A computed tomography (CT) scan of the brain and orbits revealed an AVM in the left primary sensory cortex, proptosis of the left globe and a dilated superior ophthalmic vein (Fig 1). A magnetic resonance image (MRI) with angiography confirmed the presence of an AVM in the left perirolandic region which was fed by the left middle cerebral artery and the pericallosal branch of the left anterior cerebral artery (Fig 2). The dominant venous drainage was via a large superficial vein upwards to the superior sagittal sinus. Although the AVM did not appear to have changed significantly in overall size when compared with previous angiograms (Fig 3), it was clear that there had been significant changes in the venous structures distant to the AVM. A relative constriction at the junction of the ipsilateral transverse and sigmoid sinuses had developed (Fig 4) and as a consequence there was a relative hold up to the filling of the sigmoid sinus. The AVM therefore now drained anteriorly via a collateral circulation into the cavernous sinus. The later phases of the angiogram revealed that there was relatively little downward venous outflow from the cavernous sinus and the majority of this venous outflow was therefore shunted via the superior ophthalmic vein which was markedly dilated as a consequence. The patient's symptoms of unilateral proptosis and venous engorgement were therefore a manifestation of increased blood flow through collateral shunts that had developed as a consequence of a stricture in the principal drainage channel of the existing AVM, which itself had not changed significantly in size.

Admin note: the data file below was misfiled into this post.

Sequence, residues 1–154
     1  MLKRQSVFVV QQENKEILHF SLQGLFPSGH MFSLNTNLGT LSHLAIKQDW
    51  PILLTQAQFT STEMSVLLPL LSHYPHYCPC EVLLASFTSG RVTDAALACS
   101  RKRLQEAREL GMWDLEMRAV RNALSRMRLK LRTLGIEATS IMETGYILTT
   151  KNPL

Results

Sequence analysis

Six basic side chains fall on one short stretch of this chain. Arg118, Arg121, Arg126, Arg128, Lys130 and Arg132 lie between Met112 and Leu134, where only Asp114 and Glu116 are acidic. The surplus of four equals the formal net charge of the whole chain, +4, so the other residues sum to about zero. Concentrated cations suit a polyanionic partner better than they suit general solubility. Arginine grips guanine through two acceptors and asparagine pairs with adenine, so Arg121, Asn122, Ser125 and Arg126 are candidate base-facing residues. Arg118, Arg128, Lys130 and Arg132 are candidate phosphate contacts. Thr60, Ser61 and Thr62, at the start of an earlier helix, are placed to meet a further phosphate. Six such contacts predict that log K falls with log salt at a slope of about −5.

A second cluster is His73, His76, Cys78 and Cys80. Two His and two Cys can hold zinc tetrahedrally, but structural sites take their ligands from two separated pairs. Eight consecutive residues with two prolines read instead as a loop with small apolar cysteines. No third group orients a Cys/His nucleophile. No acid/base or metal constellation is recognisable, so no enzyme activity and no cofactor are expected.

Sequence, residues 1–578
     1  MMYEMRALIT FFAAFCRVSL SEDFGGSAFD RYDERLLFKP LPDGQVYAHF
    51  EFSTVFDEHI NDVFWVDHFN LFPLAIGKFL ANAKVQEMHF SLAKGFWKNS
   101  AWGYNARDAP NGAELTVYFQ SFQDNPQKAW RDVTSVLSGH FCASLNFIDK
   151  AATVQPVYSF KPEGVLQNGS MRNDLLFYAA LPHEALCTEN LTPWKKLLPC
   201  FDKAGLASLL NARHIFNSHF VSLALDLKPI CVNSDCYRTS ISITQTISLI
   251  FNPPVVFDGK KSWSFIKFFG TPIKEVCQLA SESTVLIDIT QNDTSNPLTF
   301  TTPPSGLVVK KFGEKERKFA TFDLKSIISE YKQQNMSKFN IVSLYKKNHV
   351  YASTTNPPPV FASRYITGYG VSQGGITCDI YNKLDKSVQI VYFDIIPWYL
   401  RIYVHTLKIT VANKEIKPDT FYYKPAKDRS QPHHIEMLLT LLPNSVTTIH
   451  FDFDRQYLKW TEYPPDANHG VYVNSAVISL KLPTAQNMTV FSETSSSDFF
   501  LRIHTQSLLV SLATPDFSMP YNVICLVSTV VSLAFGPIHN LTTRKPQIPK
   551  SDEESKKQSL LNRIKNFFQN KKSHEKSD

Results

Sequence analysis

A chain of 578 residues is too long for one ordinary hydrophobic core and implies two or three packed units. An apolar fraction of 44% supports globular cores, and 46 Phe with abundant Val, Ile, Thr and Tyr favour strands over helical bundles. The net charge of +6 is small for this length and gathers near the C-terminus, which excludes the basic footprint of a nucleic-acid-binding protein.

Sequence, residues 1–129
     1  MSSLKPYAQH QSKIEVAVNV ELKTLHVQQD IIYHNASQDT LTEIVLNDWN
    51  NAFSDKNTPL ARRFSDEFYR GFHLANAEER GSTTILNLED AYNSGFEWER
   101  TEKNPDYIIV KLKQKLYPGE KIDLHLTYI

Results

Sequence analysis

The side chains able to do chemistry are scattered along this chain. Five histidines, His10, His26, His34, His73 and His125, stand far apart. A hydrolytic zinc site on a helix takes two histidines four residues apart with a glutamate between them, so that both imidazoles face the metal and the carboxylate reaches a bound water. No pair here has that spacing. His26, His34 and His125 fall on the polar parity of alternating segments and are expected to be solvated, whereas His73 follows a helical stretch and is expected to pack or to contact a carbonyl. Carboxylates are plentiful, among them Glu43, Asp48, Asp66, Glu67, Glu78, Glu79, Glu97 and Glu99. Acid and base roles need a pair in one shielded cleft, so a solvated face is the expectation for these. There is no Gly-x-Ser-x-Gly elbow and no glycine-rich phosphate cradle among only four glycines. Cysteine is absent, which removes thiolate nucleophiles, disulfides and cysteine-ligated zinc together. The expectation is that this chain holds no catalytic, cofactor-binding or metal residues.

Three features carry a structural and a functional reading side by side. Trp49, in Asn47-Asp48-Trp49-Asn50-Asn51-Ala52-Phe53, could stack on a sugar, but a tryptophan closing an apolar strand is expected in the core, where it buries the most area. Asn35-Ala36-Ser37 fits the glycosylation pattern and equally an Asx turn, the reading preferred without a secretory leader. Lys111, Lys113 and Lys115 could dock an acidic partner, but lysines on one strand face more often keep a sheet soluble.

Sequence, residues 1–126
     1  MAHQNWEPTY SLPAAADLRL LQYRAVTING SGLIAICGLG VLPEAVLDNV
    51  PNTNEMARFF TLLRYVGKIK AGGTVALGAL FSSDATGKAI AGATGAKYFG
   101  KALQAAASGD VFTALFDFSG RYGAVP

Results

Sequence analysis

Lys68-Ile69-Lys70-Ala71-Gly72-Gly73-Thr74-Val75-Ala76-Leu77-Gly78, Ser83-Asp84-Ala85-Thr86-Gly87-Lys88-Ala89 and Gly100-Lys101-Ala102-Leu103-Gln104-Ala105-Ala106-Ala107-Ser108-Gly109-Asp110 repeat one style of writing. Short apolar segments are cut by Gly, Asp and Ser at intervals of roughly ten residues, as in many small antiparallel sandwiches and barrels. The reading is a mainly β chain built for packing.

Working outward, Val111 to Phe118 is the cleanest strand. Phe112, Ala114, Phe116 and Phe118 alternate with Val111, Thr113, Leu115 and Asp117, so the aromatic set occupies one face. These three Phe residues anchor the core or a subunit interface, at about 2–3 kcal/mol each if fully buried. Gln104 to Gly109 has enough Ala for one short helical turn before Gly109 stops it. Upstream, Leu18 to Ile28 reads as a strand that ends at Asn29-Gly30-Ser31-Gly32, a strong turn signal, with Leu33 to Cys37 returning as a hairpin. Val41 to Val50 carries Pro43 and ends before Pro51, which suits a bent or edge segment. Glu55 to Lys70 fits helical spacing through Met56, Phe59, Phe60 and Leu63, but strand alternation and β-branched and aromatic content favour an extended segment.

Figure 1

CT scan of the orbits showing dilated superior ophthalmic vein. The majority of the venous outflow from the cavernous sinus is via the superior ophthalmic vein which is markedly dilated as seen in this scan.

Figure 2

Anterior segment photographs showing the dilated episcleral vessels in the left eye.

Figure 3

Cerebral angiogram dated 1994. A moderately sized arteriovenous malformation is shown fed by branches of the left middle cerebral and anterior cerebral arteries. It is drained by a large superficial vein which continues into the superior sagittal sinus.

Figure 4

Cerebral angiogram dated 2000. There has been no significant change in the size of the arteriovenous malformation since the angiogram was performed in 1994. There is constriction at the junction of the transverse and sigmoid sinuses with hold up in the transverse sinus. Multiple cortical collateral vessels are seen draining into the cavernous sinus.